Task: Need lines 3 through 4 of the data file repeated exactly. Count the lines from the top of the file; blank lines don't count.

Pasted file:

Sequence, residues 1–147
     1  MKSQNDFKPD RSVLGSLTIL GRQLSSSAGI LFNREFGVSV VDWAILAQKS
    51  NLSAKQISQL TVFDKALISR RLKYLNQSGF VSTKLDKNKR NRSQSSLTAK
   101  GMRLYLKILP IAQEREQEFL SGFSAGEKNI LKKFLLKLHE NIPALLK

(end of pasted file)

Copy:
    51  NLSAKQISQL TVFDKALISR RLKYLNQSGF VSTKLDKNKR NRSQSSLTAK
   101  GMRLYLKILP IAQEREQEFL SGFSAGEKNI LKKFLLKLHE NIPALLK